For me, this comes down to leaders stepping back and reconsidering the question ‘what does good / success look like for our organisation?’. If the answer to this question is just ‘bigger revenue, greater profits and even higher share price’, then even when broader performance metrics are brought in, they’ll have very little real impact. The definition of success for the organisation – as set by the leadership and accepted by the wider employee population – has to encompass more than just ‘the financials’. When it does, broader performance metrics will naturally flow out of this because people throughout the entity will be holding themselves accountable for delivering on the holistic definition of success.
Gonzalo Coello de Portugal
Associate – Design and Project Leadership, Arup
At policy level, it is imperative to institute mandatory reporting of climate-related financial risks, so capitalism can help solve the climate crisis. In parallel, we must promote impact investing in our companies and clients to influence positive ESG outcomes. The providers of capital need to be more transparent about their objectives, including their investment horizons and where are they placed between maximising value for shareholders and doing the same for stakeholders. A problem to solve is the many systems to measure stakeholder value creation by companies. However, reporting the ESG impact of how we are delivering our services, coordinated with the economic metrics, will help avoid the short-term quarterly objectives, and change the aim from Profit to Value.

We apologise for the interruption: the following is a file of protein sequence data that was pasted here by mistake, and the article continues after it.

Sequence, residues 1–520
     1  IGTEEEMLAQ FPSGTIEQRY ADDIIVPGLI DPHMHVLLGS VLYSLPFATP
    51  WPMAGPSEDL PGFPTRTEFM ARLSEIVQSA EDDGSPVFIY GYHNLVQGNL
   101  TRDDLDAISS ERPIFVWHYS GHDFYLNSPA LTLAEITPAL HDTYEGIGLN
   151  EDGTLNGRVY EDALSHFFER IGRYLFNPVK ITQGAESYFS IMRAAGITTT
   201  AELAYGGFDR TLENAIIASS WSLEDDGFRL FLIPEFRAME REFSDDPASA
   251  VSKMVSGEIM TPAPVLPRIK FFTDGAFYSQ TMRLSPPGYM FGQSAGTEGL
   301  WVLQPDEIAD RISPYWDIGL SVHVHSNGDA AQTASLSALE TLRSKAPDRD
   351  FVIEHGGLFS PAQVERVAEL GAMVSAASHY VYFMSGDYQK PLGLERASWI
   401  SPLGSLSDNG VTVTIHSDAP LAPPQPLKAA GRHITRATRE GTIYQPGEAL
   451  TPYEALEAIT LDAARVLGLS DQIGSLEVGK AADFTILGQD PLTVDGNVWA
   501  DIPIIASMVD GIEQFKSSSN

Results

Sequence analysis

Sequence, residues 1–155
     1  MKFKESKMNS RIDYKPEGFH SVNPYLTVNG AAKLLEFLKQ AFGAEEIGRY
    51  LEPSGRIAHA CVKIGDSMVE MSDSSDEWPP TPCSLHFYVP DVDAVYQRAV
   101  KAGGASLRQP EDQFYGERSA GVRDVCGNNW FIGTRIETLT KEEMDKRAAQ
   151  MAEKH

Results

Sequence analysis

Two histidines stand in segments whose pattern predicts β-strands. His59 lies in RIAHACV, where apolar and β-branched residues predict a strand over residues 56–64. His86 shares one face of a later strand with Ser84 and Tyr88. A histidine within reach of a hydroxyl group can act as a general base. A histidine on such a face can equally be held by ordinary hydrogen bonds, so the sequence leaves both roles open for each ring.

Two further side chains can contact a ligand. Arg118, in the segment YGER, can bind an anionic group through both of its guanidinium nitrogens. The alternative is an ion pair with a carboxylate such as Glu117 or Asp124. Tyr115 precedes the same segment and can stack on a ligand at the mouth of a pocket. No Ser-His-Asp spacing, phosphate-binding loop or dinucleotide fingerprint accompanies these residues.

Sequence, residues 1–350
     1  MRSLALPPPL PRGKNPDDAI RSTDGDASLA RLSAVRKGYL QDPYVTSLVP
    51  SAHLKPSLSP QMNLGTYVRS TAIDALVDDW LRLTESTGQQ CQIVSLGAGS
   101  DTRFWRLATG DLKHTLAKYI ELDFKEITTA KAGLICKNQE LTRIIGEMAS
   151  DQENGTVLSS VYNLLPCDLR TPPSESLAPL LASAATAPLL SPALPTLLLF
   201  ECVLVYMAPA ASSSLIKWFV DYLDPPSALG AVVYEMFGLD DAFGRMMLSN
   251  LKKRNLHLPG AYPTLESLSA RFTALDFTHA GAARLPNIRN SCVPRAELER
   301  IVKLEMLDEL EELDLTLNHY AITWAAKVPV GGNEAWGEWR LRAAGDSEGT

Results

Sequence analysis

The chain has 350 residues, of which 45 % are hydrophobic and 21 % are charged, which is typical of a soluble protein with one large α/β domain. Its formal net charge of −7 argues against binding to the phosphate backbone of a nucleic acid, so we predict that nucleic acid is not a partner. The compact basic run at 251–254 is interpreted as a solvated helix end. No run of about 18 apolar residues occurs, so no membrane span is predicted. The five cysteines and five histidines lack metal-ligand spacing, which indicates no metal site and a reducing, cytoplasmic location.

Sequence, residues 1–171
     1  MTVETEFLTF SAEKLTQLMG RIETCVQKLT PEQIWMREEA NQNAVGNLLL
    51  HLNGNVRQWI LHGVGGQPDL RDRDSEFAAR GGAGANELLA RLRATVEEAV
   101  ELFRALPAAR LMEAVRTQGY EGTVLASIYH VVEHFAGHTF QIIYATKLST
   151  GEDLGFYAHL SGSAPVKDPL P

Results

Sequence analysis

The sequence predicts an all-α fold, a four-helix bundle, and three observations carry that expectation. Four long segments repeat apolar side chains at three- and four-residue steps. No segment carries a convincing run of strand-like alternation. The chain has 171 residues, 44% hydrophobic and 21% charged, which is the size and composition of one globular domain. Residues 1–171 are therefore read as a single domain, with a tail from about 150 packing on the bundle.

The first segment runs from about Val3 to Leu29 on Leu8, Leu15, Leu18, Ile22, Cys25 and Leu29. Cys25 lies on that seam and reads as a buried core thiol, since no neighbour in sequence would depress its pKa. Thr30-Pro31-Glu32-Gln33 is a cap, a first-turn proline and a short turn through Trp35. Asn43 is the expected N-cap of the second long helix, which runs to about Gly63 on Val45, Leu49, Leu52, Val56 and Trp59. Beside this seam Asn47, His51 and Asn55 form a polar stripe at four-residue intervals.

As leaders, we should lead by example. It is time to rethink organisational cultures in the first instance: how do we choose projects we work on and is it because they have great societal or environmental impact or because they make good profits? Where do the firms we work for spend the profit we make and is it reinvested in research and staff development or only in shareholders’ pockets? How do we express recognition of our staff and is it through raises to congratulate them for overworking or through work-life balance, good support systems and an empowering space for innovation to change the world? Working at Arup, I believe we have found some balance but the next challenge is to create that ripple effect beyond our immediate spheres of influence.
Partner, Shakespeare Martineau LLP / AMPA
Such a thought provoking question – and something that makes you re-think the values some of us may hold -being the pursuit of wealth over happiness. Until we prioritise the things that truly matter such as well-being, health and happiness it will be difficult to change metrics for profit maximisation – as our society/government/businesses all generally focus on growth and profitability. But I do see businesses, in recent times, doing more through encouraging their people to volunteer in work time, CSR initiatives which not only involve fundraising but time dedication in the form of pro bono work. Businesses introducing a CSR metric (which could offer some or all of the above initiatives) into performance reviews may not only help our communities but makes us all a little bit richer in happiness.